Loudoun Sheriff’s Day Out

August 7, 2008 | 5 Comments

Here’s a note I just submitted to the Loudoun County Sheriff’s Office. I think a few of the people who pay attention might have something to say about this.

On Wednesday, August 6th, I was driving home on Countryside Blvd. when I encountered what I can only describe as a checkpoint at the intersection with Carrollton Rd. Both directions of Countryside were blocked and all vehicles were being detained, as far as I can tell, without cause. I was asked by an officer to show my driver’s license and upon quick inspection was waved along.

Given the media attention that was received seemingly similar activities in D.C., I was wondering if you could provide some information as to what occurred that day and why. I’m worried this may have been a violation of mine and other citizens’ civil liberties, but would like to reserve judgement until I have more information.

I appreciate your time and considerate attention to this inquiry.
Thank you.

It didn’t occur to me to question the basis for asking for ID and it didn’t really anger me until after I left the checkpoint. I went back out with a camera to document what was going on. To their credit, the police didn’t seem to mind me taking pictures. At 6:45pm, just as I was about to drive through the roadblock again and this time refuse to show ID, they all simultaneously and unceremoniously packed up and went home.

Not even sure what to make of it. Someone’s already suggested I’m overreacting, and that may be so, but I nevertheless was left with an uneasy feeling. Some pictures below.

Northbound CountrysideNorthbound Countryside DetailSouthbound CountrysideMobile Command Unit on Southbound Countryside

Update: I received a quick and helpful response from the Sheriff’s Office with this information:

Mr. Averbuj, for several years the Loudoun Sheriff’s Office have conducted Driver’s License Checkpoints throughout the county as a continuing crackdown on unlicensed drivers. We have conducted three such checkpoints this Summer.  The location for the checkpoints are selected based on deputies who report a number of unlicensed drivers during their daily traffic stops.

During the checkpoint on Wednesday nine motorists were cited with driving without  a license and two for driving on a suspended license. Those were among the 42 citations issued during the 3 hour checkpoint.

I found a page on the very recent overruling of similar roadblocks in South Carolina, and the SCOTUS decisions that govern such activity.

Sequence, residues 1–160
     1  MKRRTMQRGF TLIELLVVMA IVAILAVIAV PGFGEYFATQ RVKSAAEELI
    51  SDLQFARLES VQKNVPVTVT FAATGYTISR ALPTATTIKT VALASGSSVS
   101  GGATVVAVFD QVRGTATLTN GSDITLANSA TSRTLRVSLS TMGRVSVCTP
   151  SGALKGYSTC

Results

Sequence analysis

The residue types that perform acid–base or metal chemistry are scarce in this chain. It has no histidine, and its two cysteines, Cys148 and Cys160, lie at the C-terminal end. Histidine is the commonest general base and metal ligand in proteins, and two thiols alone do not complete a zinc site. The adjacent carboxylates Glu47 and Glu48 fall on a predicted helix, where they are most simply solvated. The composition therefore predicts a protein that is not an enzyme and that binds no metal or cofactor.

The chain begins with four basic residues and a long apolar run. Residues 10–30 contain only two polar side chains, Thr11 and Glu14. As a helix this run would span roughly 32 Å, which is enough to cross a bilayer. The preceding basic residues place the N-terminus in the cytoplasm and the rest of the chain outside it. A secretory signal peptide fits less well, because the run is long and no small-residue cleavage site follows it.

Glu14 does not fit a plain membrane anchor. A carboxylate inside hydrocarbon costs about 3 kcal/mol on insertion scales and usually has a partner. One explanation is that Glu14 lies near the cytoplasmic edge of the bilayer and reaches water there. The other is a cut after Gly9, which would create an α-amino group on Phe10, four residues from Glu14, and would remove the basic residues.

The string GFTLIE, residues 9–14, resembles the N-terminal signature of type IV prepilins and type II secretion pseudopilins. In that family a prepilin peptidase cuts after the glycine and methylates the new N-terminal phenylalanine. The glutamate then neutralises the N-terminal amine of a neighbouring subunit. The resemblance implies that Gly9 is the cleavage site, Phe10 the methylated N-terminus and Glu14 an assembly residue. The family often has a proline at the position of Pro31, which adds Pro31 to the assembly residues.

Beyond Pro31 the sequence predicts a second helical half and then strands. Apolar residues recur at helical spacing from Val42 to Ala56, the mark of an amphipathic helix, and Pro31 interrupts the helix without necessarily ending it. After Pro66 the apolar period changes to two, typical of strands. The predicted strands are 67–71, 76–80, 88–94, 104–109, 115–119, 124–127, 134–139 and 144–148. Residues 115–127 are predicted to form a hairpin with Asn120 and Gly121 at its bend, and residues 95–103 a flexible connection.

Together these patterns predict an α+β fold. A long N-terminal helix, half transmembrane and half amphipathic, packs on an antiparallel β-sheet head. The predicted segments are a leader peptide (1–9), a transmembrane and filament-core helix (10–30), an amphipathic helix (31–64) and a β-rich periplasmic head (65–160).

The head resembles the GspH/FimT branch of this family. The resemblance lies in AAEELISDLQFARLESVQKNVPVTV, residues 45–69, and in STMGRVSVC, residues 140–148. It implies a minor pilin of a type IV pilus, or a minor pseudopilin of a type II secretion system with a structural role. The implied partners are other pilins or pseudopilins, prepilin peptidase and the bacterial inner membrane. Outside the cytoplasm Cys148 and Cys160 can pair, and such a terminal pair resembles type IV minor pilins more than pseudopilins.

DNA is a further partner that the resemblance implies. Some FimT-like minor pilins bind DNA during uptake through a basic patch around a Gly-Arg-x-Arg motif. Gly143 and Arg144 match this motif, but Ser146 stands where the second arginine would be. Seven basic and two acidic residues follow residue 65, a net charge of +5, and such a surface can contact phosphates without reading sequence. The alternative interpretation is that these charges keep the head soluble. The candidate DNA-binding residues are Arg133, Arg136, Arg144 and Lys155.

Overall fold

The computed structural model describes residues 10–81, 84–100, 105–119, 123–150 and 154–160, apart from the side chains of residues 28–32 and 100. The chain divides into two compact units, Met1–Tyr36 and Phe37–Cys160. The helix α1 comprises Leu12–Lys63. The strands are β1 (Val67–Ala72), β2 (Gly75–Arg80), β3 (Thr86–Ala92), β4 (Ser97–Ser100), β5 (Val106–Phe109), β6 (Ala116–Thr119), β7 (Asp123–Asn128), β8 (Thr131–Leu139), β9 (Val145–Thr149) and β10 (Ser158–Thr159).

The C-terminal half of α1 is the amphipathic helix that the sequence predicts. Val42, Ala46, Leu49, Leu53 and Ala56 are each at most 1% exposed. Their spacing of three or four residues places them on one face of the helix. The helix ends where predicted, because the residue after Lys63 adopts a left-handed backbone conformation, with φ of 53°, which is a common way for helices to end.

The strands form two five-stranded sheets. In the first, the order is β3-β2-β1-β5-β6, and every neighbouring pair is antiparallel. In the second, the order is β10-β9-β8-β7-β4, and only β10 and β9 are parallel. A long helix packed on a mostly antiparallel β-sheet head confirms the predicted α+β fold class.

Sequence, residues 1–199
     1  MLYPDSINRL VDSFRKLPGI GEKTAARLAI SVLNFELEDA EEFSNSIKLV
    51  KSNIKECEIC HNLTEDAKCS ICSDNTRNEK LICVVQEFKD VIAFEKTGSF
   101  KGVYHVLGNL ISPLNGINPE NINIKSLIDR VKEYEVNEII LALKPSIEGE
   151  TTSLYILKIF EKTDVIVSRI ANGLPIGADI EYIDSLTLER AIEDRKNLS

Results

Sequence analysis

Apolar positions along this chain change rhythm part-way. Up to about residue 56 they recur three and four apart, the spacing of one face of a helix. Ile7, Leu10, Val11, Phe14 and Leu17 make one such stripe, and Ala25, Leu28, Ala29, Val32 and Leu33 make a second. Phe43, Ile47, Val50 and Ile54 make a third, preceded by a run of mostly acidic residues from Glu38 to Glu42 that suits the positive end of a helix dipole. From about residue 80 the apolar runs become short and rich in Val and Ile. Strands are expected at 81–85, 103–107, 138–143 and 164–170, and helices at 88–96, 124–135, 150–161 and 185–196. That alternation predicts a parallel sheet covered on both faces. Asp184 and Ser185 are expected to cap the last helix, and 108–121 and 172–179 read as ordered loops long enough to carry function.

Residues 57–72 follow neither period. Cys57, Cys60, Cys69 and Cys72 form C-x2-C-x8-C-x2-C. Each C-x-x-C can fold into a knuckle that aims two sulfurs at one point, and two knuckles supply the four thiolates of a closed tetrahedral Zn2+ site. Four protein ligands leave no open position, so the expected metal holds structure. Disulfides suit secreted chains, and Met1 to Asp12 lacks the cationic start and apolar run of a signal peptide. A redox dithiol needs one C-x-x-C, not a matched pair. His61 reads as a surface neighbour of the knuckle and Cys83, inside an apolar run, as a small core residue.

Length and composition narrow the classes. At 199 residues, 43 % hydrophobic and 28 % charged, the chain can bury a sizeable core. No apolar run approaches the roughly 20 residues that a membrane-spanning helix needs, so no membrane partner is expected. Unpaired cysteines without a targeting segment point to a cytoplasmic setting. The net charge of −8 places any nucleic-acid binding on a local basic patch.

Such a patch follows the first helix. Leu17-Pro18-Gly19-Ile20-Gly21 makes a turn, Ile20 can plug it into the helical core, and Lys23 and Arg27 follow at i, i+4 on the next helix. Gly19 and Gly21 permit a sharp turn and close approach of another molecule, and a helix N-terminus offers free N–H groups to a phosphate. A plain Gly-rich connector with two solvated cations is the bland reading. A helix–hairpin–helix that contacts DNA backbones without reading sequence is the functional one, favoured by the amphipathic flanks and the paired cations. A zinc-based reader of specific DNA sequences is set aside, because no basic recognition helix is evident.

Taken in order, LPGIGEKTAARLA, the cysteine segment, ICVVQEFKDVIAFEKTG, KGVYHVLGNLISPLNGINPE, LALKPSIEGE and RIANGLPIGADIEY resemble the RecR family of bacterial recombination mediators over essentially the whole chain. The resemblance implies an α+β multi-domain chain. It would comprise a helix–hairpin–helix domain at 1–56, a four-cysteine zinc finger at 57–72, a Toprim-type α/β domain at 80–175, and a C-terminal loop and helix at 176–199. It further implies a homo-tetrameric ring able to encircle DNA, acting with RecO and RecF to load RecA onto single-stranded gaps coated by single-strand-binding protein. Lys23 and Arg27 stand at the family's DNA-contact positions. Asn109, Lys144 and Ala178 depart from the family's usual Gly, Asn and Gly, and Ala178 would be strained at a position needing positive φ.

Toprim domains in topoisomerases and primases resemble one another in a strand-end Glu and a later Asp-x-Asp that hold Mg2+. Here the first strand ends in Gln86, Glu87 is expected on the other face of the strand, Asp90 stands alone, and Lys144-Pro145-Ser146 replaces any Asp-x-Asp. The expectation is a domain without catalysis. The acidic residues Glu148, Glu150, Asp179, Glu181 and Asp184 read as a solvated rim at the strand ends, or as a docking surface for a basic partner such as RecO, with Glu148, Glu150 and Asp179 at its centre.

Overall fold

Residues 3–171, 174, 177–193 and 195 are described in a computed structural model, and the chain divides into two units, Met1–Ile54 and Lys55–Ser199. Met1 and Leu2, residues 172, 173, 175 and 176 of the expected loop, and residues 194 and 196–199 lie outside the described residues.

1. Cool that they replied. I think I support this as a way to enforce license law, though I’m not sure how legal it is. Proof of my car’s registration and inspection are visible on the outside of the car (I got cited recently for an expired registration), but there’s no other way to ensure people are licensed. Without being able to verify and enforce licenses, why bother having them…

    Comment by Mike — August 8, 2008 #

  2. Papers, Please, Comrade^WConsumer

    Comment by http://openid.aol.com/kilpatds — August 8, 2008 #

  3. to Mike, have you ever read the Constitution?

    FOURTH AMENDMENT [U.S. Constitution] – ‘The right of the people to be secure in their persons, houses, papers, and effects, against unreasonable searches and seizures, shall not be violated, and no Warrants shall issue, but upon probable cause, supported by Oath or affirmation, and particularly describing the place to be searched, and the persons or things to be seized.’

    All police checkpoints are wrong.

    Comment by datdamwuf — August 9, 2008 #

  4. I’m with those who think it oversteps.

    There were recently cases in New York whereas the police set up “motorcycle only” checkpoints. While they did find some violations (i.e. improper helmets, out of date registration etc), it’s too likely that it’d be used for harassment.

    Comment by timojhen — August 10, 2008 #

  5. I don’t know the laws in that jurisdiction, however I can tell you that they are in fact legal in Florida.. so long as they are properly advertised. The checkpoint must be advertised via local news paper and I think sometimes the local news channels with the date/times. There is also some law as to who can be stopped. This means you can stop and request papers from every 3rd car. My understanding is that it HAS to be random of this sort to prevent any kind of profiling or “unfair” stops. As far as refusing to show ID or papers? I would advise against that as it is a lawful request at that point and refusal could lead to an arrest. Could you fight it and get it tossed? Most likely, but do you want to test that theory? The short of it is, if you aren’t a bad guy and happen to be one chosen, who cares? It’s two minutes of your time and you will be on your way. The fist thing people will say when the news talks about some loser with a suspended DL who crashes into and kills a family is, “Where were the cops? The cops should have been stopping him instead of me!” Well, as soon as you invent and market that crystal ball which actually tells us which car contains the badguys, I am sure you will have every dept. in the US banging on your door to buy one. Until then, they have to use what tools are available to them. ;-) My two cents.

    Comment by Bryan — April 14, 2010 #

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